So late last year, neuroscientists in MIT tried to see what parts of the brain people use when dealing with computer programming. “The ability to interpret computer code is a remarkable cognitive skill that bears parallels to diverse cognitive domains, including general executive functions, math, logic, and language,” they wrote.

Since coding can be learned as an adult, they figured it must rely on some pre-existing cognitive system in our brains. Two brain systems seemed like likely candidates: either the brain’s language system, or the system that tackles complex cognitive tasks such as solving math problems or a crossword. The latter is known as the “multiple demand network.”

Mar 11, 2021

After cracking the ‘sum of cubes’ puzzle for 42, researchers discover a new solution for 3

Posted by in categories: alien life, information science, mathematics

What do you do after solving the answer to life, the universe, and everything? If you’re mathematicians Drew Sutherland and Andy Booker, you go for the harder problem.

In 2019, Booker, at the University of Bristol, and Sutherland, principal research scientist at MIT, were the first to find the answer to 42. The number has pop culture significance as the fictional answer to “the ultimate question of life, the universe, and everything,” as Douglas Adams famously penned in his novel “The Hitchhiker’s Guide to the Galaxy.” The question that begets 42, at least in the novel, is frustratingly, hilariously unknown.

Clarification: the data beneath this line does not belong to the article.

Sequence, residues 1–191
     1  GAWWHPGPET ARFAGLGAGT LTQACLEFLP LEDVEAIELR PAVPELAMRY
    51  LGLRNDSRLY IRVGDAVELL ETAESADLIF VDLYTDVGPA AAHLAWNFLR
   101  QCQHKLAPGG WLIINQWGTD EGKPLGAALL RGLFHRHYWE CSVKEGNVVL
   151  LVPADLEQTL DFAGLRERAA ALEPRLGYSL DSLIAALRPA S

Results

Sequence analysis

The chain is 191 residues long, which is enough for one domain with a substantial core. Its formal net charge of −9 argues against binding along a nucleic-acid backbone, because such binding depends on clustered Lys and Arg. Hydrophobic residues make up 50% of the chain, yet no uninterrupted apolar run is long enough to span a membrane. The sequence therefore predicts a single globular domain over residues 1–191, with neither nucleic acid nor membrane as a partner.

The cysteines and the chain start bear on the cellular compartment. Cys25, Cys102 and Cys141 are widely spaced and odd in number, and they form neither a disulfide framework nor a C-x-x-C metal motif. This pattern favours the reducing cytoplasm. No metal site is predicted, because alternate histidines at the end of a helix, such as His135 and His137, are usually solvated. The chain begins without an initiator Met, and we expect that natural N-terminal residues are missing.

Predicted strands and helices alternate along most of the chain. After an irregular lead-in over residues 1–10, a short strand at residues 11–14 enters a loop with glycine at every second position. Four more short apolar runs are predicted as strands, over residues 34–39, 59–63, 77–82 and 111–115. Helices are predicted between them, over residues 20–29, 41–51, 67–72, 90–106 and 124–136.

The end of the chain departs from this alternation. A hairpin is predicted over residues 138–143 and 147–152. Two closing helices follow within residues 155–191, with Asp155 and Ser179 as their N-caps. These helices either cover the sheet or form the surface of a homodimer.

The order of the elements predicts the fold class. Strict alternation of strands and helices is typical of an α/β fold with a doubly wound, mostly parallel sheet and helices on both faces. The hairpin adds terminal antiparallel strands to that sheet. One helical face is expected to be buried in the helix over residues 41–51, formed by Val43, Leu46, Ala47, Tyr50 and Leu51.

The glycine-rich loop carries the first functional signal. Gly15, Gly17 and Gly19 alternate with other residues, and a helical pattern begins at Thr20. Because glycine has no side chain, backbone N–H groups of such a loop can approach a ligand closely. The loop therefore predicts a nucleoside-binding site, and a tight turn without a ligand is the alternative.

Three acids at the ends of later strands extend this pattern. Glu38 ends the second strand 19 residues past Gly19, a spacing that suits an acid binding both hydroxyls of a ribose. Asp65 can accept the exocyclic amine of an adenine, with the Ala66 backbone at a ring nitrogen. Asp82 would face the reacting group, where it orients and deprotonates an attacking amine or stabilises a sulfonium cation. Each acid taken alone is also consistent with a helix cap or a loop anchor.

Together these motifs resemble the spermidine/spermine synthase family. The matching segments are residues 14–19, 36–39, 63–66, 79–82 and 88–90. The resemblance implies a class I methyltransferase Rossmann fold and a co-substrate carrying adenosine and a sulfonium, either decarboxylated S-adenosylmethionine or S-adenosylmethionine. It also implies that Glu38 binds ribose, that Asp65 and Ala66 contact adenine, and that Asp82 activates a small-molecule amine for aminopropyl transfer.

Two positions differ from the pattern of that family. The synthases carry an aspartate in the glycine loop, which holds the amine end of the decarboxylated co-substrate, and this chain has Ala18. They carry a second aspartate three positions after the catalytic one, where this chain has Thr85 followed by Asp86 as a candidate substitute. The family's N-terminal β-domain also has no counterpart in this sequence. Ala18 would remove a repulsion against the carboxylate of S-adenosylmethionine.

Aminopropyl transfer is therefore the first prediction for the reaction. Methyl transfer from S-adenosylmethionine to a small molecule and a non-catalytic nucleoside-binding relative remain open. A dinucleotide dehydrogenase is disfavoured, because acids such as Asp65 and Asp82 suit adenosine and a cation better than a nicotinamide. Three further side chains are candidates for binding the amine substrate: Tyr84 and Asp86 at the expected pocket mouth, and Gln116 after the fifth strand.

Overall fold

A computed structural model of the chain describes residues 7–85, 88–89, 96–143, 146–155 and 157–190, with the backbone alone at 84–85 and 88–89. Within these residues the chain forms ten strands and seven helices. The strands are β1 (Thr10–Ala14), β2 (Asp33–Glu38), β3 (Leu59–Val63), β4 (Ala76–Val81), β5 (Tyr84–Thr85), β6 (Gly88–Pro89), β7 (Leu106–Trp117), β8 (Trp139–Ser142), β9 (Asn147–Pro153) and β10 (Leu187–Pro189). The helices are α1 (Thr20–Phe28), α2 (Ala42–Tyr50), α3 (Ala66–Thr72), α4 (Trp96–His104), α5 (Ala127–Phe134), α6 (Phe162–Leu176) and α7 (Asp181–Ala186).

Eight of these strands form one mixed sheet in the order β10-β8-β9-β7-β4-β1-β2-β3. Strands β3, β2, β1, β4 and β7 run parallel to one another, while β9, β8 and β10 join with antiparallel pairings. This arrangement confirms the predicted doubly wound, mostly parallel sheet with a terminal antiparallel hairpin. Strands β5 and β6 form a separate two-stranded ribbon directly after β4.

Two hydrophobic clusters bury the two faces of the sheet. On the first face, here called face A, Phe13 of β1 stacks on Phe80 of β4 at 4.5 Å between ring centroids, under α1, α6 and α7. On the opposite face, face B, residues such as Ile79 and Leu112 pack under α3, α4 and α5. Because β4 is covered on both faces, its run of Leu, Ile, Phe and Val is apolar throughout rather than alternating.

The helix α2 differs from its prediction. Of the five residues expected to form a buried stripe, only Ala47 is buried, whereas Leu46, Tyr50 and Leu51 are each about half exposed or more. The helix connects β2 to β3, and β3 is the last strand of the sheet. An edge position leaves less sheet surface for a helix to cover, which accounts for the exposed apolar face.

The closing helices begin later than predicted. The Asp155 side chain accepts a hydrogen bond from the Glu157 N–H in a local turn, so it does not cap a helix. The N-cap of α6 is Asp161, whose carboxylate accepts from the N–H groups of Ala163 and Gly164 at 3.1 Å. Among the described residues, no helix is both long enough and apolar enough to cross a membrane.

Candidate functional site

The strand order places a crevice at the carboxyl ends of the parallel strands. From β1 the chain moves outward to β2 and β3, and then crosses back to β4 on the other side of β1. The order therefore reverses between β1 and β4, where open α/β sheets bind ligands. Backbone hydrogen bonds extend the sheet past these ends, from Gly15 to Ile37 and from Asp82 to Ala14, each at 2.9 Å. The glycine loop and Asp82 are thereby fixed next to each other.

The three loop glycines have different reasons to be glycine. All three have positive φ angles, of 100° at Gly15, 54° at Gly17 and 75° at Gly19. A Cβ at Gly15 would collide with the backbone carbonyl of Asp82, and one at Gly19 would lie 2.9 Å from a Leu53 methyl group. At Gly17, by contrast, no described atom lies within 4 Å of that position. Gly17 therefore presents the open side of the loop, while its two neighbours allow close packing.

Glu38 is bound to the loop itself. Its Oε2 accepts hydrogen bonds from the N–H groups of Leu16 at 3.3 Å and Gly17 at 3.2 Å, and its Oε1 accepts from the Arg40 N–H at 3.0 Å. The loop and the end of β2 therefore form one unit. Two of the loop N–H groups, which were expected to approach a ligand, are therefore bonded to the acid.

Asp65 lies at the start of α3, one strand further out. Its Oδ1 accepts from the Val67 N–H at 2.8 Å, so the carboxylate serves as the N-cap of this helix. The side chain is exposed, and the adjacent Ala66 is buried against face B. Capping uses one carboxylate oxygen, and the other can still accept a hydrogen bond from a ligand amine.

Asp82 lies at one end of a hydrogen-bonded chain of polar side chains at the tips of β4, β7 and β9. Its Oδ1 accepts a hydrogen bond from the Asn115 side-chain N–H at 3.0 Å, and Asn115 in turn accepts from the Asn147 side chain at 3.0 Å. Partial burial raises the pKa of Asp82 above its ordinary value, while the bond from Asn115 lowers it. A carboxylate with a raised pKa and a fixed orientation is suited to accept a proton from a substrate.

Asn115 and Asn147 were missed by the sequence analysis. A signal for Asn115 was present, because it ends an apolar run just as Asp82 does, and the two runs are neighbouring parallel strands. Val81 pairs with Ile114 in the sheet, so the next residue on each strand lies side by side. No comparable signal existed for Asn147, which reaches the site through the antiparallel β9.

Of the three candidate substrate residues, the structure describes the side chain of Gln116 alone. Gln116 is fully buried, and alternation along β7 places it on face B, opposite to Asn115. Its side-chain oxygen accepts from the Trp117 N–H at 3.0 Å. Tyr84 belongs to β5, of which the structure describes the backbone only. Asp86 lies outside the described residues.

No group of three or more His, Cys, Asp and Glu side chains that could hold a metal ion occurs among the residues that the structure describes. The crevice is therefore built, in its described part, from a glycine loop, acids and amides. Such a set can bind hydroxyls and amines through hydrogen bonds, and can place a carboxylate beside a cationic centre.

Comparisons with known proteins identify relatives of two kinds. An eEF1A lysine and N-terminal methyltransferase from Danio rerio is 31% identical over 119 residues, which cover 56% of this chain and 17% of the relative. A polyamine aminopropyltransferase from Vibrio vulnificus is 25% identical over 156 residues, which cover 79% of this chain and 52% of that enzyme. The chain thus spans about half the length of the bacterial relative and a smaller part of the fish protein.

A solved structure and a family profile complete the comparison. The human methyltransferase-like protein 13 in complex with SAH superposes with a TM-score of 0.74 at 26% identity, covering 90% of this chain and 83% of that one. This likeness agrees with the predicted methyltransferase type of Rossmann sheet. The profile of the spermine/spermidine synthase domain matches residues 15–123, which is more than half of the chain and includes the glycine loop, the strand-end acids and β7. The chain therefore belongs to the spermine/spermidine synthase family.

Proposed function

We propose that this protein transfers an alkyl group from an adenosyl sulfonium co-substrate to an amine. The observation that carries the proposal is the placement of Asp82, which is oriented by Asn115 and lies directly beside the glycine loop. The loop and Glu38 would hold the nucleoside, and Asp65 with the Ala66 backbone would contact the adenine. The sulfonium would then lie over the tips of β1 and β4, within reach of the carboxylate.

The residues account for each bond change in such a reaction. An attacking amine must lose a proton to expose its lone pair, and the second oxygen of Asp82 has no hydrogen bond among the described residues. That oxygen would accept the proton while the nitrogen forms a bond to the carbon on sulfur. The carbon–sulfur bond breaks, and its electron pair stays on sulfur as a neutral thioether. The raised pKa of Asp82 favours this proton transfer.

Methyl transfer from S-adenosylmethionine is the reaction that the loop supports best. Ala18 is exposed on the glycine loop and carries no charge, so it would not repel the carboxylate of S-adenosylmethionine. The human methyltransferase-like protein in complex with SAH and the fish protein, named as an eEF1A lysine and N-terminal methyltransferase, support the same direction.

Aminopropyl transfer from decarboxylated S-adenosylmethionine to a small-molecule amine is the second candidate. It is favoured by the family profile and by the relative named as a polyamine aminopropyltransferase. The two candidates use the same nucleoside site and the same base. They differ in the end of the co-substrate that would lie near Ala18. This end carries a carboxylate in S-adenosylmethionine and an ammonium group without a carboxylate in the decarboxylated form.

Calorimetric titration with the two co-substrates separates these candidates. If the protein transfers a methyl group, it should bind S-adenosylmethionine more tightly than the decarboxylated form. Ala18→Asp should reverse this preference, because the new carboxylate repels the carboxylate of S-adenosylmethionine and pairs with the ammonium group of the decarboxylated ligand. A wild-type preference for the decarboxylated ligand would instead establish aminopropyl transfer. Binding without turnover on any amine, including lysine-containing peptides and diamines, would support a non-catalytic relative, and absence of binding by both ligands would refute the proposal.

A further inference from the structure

In mathematics, entirely by coincidence, there exists a polynomial equation for which the answer, 42, had similarly eluded mathematicians for decades. The equation x3+y3+z3=k is known as the sum of cubes problem. While seemingly straightforward, the equation becomes exponentially difficult to solve when framed as a “Diophantine equation”—a problem that stipulates that, for any value of k, the values for x, y, and z must each be .

Mar 8, 2021

New Algorithm Breaks Speed Limit for Solving Linear Equations

Posted by in categories: computing, information science, mathematics

By harnessing randomness, a new algorithm achieves a fundamentally novel — and faster — way of performing one of the most basic computations in math and computer science.

Mar 7, 2021

Isadore Singer Transcended Mathematical Boundaries

Posted by in categories: mathematics, physics

A former graduate student reflects on how Isadore Singer, who died on February 11, brought together mathematicians, physicists and anyone else interested in the deeper connections between diverse fields.

Mar 4, 2021

Insights into plant consciousness from neuroscience, physics and mathematics: A role for quasicrystals?

Posted by in categories: computing, mathematics, neuroscience, quantum physics

There is considerable debate over whether plants are conscious and this, indeed, is an important question. Here I look at developments in neuroscience, physics and mathematics that may impact on this question. Two major concomitants of consciousness in animals are microtubule function and electrical gamma wave synchrony. Both these factors may also play a role in plant consciousness. I show that plants possess aperiodic quasicrystal structures composed of ribosomes that may enable quantum computing, which has been suggested to lie at the core of animal consciousness. Finally I look at whether a microtubule fractal suggests that electric current plays a part in conventional neurocomputing processes in plants.